# Magnetic force: An approach with Bernoulli's equation.

Discussion in 'Electronic Basics' started by Ka-In Yen, Jan 14, 2004.

1. ### Ka-In YenGuest

1. Abstract: In this paper, Bernoulli's effect is used to interpret
the magnetic force.

See my posting:

Ka-In Yen

回應留言

2. ### Ka-In YenGuest

My dear friends,

I am very sorry to disappoint you, the above derivation is
incomplete. To eliminate L1 and L2 terms, negative potential
masses have to be considered. A shematic diagram is shown as
figure 2.

(+q1,0)
(-q1,v1)
______________+______________________________ wire 1
^
|
R
(+q2,0)
| (-q2,v2)
V______________+_____________________________ wire 2

Figure 2

The whole electric wire is neutral; for every drifting electron(-),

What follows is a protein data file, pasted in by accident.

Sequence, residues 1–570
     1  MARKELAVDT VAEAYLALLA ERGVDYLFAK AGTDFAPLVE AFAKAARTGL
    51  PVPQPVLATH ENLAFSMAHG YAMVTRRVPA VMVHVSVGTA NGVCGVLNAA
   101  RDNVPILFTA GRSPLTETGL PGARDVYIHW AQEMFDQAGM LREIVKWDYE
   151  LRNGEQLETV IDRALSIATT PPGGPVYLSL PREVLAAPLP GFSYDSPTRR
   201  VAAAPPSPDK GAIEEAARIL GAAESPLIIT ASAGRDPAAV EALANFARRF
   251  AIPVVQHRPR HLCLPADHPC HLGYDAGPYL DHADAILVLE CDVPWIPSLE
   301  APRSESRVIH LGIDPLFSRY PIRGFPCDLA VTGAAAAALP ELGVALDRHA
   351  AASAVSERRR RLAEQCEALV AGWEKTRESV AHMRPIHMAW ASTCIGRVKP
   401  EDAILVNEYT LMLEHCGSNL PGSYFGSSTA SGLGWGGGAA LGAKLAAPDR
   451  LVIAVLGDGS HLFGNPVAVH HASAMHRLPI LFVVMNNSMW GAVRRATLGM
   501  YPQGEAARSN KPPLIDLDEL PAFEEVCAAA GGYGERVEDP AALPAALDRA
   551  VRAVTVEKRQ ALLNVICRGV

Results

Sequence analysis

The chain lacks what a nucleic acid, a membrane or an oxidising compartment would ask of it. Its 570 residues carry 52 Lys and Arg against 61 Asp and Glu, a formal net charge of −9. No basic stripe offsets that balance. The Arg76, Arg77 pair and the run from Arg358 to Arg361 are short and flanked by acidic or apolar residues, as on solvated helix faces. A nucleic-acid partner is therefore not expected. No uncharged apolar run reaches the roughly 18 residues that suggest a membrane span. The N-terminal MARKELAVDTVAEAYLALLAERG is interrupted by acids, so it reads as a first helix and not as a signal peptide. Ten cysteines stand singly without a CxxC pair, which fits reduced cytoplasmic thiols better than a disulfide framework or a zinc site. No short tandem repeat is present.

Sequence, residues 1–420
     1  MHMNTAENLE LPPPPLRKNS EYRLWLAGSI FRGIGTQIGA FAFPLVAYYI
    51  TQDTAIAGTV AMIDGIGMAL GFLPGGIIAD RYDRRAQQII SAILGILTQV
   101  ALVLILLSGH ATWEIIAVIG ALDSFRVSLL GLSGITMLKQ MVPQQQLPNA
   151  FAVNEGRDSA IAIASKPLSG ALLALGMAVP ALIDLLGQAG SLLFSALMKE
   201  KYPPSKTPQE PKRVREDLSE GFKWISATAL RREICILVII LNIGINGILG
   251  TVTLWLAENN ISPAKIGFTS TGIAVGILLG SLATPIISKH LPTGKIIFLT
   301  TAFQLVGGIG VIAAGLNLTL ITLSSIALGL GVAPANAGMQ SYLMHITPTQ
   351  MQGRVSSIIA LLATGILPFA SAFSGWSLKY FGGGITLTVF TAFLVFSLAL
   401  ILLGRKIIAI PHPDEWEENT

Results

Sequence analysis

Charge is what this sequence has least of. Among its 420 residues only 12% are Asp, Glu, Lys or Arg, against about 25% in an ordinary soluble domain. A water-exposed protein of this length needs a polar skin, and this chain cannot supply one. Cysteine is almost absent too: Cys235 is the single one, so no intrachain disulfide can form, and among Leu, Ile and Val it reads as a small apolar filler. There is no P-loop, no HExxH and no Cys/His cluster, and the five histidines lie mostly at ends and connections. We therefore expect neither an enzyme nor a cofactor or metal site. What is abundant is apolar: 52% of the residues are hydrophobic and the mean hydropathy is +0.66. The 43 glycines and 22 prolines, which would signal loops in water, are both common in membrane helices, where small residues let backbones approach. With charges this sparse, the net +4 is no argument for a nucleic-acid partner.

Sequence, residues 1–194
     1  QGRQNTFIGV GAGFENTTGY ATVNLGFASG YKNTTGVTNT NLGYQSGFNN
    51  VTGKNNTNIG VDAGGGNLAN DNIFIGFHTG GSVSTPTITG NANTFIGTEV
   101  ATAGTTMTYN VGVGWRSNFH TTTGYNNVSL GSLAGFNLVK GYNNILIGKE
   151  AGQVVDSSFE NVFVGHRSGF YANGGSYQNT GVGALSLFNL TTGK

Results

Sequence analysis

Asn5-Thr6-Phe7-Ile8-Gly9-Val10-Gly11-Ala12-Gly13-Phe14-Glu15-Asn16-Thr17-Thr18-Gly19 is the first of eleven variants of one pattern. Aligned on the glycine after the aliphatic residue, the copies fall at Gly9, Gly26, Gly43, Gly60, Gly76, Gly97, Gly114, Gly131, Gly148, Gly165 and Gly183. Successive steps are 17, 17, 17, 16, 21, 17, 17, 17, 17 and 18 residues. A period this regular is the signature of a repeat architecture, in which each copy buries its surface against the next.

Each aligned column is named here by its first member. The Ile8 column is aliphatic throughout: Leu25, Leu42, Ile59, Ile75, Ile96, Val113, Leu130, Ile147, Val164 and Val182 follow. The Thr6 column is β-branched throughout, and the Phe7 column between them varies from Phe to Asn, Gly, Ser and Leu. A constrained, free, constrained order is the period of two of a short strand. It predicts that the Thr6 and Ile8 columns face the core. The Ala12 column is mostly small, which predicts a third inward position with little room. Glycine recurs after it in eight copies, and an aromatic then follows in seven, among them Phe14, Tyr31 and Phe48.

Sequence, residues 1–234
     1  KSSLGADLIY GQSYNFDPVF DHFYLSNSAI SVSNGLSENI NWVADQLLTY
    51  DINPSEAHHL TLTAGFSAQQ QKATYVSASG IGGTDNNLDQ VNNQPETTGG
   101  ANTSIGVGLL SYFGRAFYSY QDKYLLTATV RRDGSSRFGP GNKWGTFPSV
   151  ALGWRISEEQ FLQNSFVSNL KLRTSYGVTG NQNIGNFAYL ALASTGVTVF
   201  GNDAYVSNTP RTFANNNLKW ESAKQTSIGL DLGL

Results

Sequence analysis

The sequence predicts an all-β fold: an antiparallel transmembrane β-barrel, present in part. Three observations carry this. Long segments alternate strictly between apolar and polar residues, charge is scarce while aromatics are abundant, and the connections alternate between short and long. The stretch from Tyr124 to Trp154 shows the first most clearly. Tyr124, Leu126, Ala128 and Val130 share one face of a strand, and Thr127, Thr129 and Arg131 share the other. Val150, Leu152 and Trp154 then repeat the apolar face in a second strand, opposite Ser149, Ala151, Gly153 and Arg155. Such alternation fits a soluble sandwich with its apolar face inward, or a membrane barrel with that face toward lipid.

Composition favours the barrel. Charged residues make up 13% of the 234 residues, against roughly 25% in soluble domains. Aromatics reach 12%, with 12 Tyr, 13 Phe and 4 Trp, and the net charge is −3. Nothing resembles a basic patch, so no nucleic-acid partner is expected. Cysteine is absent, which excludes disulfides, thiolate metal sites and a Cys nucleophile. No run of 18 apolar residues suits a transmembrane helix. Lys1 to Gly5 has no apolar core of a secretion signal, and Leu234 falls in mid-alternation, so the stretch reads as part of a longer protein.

there is a resting ion(+). (-q1,v1) is charges of drifting electrons,
and (+q1,0) is charges of resting ions. (-q2,v2) and (+q2,0) are
same definition.

1) To (-q1,v1) and (-q2,v2) pair, we have (m/R)*(v1+v2)^2 /2.
2) To (-q1,v1) and (+q2,0) pair, we have (-m/R)*v1^2 /2.
3) To (+q1,0) and (-q2,v2) pair, we have (-m/R)*v2^2 /2.

1) + 2) + 3) = (m/R)*v1*v2 = mu_0 *q1*q2*v1*v2/(4*pi* R^2)
= mu_0 *i1*i2 / (4*pi* R^2)

Ka-In Yen

How to correctly measure an unknown length with a clock.